WORDS: JON HOTTEN / PHOTOGRAPHS: JOBY SESSIONS
From page 45 of Classic Rock Magazine May 2007
As Marillion prepare to release their new album Somewhere Else , they look back at 18 post-Fish years during which the band’s very survival was under threat before they took their destiny into their own hands.
HE MUSHROOM FARM, SUSSEX, 1989.
“ Do you want to meet our new singer, then?” says Mark Kelly. “Here he comes. This is Steve...” Into the living area of a small residential recording studio near Brighton walks Steve Hogarth, wearing a lengthy, white fisherman’s sweater and a Brideshead Revisited floppy ringe.
“Alright?” Steve Hogarth says. “Wanna hear some music?” Even if they’d brought in Tina Turner as their new singer, Marillion would hardly have found anyone less like the previous incumbent, Fish, than Hogarth. He gestures to some chairs that are set out in the middle of room, surrounded by the band’s gear. “We haven’t really got much on tape, so we thought we’d play it for you,” he says.
They begin with King Of Sunset Town , and then Holloway Girl and Easter . The reasons why Marillion have signed up this small, very English, former post-punk singer who was just about to take up a gig with The The when they found him are evident and irrefutable. Marillion, playing that day, were very good indeed.
THE RACKET CLUB, BUCKINGHAMSHIRE, 2007.
“ I remember saying to him: ‘Unless you’re an axe murderer, you’ve got the job,’” keyboard player Mark Kelly says of Steve Hogarth. “And he said: ‘ Me ? An axe murderer? I’ve been the victim , mate.’”
18 years after that day at the Mushroom Farm, the band are sitting in another circle in another studio, this time one that they own and run themselves. Steve Hogarth’s fisherman’s sweater is no longer in evidence, but he is, and he’s pointing out a crooked scar on the heel of his hand.
“That’s 25 years old, so imagine what it looked like when it happened. I’d been in a band in the early part of my career where the bass player almost killed me. He was actually trying to murder the drummer. Me and the guitar player got hold of him to try and stop him and I got quite badly hurt. He had a pint glass he’d smashed on the wall, which he was going to screw into this guy’s face and which he cut my hand open with... Something like that makes you just a bit more cautious...” At the Mushroom Farm in ’89, Hogarth discovered that Marillion weren’t quite as violent as his prior associates. He discovered – or perhaps rediscovered – himself, too.
“When I first got the phone call [with the offer to join the Marillion], I’d just had Matt Johnson asking if I’d play piano on the Mindbomb tour with The The. I’d really got into the idea of doing it. I’d been through a deal with CBS, and after you’ve been through a deal with CBS or Sony you don’t want to be a musician any more – and I didn’t. Just ask Britney. I was at the head-shaving stage, too. So Matt said do you want to come, and I thought great, I’ll be at the back out the way; there will be nothing expected of me. I’d got my head into doing that, when Marillion rang up.” Guitarist Steve Rothery: “We saw so many people, some of whom were Fish clones – didn’t interest us whatsoever. When we heard Games In Germany from Steve’s tape, it was: ‘Oh, intelligent lyrics, great vocal performance, a lot more of a singer...’ Fish’s great gifts were the stage presence, the lyrics; it wasn’t so much about the melody with him. Steve was obviously a very melodic singer.”
“Although on the surface it didn’t seem like we have very much in common, Steve coming from a post-punk band called The Europeans,” Mark Kelly says, “if you go back a few more years we all grew up listening to the same music.” Hogarth and Marillion met for the first time at bassist Pete Trewavas’s house, or rather in Pete Trewavas’s garden; Pete had cats, and Hogarth had a severe cat allergy. “So we sat in the garden in our coats,” Hogarth recalls.
“Like so many people back then, and so many to this day, to me Marillion was Fish. Unless you were the kind of person who would buy concert tickets and saw the band and knew what they were about, if you were just Mr and Mrs Joe Bloggs in the street, Marillion was all about Fish. That’s what people think if they don’t know. And I didn’t know. So I was more or less in that area.” The band, it turned out, were keener on Steve Hogarth than he was on them.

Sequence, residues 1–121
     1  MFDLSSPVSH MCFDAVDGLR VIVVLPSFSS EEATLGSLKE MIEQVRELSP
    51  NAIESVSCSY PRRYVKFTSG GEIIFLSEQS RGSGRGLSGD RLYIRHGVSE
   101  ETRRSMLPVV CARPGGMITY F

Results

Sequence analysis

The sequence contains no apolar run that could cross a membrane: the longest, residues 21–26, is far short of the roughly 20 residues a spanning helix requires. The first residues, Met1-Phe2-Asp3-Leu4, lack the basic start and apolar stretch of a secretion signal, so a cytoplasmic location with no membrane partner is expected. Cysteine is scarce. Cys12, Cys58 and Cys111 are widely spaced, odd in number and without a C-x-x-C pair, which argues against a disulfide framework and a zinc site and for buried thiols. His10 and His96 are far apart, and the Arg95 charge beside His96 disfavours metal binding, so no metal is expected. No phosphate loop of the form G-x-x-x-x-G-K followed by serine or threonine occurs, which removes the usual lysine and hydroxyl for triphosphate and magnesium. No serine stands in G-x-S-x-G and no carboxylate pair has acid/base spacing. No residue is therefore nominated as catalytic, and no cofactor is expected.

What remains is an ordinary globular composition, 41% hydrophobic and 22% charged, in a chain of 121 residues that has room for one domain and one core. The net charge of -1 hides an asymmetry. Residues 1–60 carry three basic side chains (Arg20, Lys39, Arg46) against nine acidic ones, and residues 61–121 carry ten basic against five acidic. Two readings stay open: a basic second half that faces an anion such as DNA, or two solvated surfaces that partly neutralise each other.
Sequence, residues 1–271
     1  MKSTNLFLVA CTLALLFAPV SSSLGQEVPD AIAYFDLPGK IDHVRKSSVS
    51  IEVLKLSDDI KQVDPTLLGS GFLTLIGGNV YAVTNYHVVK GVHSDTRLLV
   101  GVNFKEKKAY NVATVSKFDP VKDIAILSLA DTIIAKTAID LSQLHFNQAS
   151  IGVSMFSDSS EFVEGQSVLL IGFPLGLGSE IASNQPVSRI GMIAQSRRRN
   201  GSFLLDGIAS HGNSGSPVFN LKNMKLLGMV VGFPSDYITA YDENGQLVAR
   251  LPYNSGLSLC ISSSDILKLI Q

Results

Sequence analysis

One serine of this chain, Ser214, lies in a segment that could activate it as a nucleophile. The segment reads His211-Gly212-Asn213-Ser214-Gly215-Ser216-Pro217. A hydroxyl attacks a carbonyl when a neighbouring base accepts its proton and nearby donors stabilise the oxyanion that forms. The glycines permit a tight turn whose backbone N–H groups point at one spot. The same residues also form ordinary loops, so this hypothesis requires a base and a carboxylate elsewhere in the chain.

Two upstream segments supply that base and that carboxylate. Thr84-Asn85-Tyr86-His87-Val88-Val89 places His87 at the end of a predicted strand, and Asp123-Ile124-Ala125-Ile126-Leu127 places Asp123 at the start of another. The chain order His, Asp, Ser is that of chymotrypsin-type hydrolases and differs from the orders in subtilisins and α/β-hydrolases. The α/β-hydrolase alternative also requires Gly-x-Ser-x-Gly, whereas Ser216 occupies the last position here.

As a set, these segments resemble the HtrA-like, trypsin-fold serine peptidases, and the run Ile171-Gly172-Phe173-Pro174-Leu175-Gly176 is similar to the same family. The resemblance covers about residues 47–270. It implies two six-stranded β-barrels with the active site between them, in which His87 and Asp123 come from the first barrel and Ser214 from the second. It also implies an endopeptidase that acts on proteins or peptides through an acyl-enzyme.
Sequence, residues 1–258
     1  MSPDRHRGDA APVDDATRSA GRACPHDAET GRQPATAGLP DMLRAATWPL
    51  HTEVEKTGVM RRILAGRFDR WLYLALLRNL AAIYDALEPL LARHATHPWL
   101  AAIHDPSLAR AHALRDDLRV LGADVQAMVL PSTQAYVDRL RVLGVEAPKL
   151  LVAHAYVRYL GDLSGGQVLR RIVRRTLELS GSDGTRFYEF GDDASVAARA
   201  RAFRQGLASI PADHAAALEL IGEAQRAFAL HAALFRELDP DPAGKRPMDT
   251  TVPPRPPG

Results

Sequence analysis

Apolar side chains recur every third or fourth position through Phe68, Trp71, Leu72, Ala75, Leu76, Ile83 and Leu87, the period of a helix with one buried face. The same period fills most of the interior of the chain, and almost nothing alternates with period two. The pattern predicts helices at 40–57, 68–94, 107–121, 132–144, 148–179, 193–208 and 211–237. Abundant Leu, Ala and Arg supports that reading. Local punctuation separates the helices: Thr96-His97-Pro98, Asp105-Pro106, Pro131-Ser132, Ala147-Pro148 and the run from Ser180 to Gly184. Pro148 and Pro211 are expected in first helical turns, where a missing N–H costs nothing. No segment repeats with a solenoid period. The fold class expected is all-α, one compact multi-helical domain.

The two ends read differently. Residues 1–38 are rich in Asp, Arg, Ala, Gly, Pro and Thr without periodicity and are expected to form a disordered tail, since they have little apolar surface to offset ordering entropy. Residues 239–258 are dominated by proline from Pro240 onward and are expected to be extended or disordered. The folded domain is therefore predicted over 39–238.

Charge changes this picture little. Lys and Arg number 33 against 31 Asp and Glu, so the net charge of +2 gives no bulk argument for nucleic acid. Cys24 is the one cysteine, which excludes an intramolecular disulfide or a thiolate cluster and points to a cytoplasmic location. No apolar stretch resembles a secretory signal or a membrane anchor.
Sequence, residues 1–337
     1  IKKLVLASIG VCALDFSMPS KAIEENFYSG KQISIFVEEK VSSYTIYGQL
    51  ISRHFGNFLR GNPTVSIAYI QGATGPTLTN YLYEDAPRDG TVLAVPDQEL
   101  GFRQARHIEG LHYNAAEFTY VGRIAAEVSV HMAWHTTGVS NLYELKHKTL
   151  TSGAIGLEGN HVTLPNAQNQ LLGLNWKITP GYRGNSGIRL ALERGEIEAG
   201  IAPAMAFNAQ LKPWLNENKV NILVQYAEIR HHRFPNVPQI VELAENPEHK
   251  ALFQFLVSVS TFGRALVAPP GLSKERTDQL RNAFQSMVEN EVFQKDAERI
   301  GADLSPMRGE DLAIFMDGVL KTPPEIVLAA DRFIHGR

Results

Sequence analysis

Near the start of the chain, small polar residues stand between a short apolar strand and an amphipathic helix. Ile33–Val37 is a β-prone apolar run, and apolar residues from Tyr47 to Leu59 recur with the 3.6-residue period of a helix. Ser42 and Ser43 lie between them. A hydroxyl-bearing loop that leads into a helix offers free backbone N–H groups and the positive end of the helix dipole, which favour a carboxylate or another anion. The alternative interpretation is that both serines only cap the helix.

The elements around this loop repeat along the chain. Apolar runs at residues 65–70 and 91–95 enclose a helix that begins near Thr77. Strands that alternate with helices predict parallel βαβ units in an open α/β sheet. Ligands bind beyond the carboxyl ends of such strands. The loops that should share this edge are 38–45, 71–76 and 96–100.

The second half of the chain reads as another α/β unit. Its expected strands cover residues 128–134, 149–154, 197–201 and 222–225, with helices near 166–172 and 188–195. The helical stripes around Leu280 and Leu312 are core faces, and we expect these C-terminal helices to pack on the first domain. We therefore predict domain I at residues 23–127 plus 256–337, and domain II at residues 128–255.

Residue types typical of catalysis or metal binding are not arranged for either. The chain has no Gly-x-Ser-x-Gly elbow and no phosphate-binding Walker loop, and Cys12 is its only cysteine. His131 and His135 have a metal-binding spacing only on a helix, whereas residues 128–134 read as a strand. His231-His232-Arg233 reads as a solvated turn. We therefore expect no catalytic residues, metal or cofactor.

Steve Rothery: “Once we started knocking some ideas around it was just so much more interesting than anything any other singer had done.” Hogarth: “The content of about four music shops had been crammed into Pete’s garage. So we went in there, and they said: ‘Here’s some words. Sing them and we’ll play.’ I said: ‘Alright. Is there a tune?’ And they said: ‘No, just make one up.’”
Kelly: “We had two tunes. The Release was one of them, and King Of Sunset Town . We had some lyrics from John Helmer. It was a test of their [the auditioning singers] voice and also their approach. It’s amazing how different singers, given nothing but a semi-blank canvas, half of them can’t actually do it.”
Rothery: “Or they’d fall immediately into cliché: ‘Woooaaaah...’ Completely wrong.” Bassist Pete Trewavas: “With Steve it [their wanting him to join the band] was instant.” Drummer Ian Mosley: “And then he said: ‘I’ll go away and have a think about it.’ I said: ‘What is it you’re thinking about?’ He just said: ‘Hmmm.’ I said: ‘Can we send you any flowers? What can we do?’” Hogarth: “Three weeks earlier it was what I least wanted to do and be in the whole world. But you can’t really put a price on creative freedom, and that’s what they were offering. It took about a month for me to decide.”
King Of Sunset Town, Holloway Girl and Easter , the songs they played that day in 1989 at the Mushroom Farm, all appeared on Season’s End , Marillion’s first record with Steve Hogarth, released just before Fish’s first solo album, Vigil In A Wilderness Of Mirrors . Season’s End sold 650,000 copies.
Kelly: “So EMI thought: ‘Imagine how many they’d do if they made an album that had a couple of hit singles on it.’ And they put us together with Chris Neil for [followup album] Holidays In Eden .” Neil had produced Celine Dion, Leo Sayer and Sheena Easton.
“It was like being in the studio with a Blue Peter presenter,” says Kelly, “he always had one he’d prepared earlier. We recorded and mixed it in 10 weeks. Which might be a long time for the Spice Girls, but it wasn’t for us.”
Rothery: “I found it a very difficult period creatively. Most of the stuff I wrote for that album, I’d had for six months or so.” Kelly: “It was quite a difficult process, to find common ground we all liked.”
Perhaps as a reaction, the next album Marillion made, Brave , was a 72-minute concept album, accompanied by a 50-minute art film by Richard Stanley, the director of Dust Devil .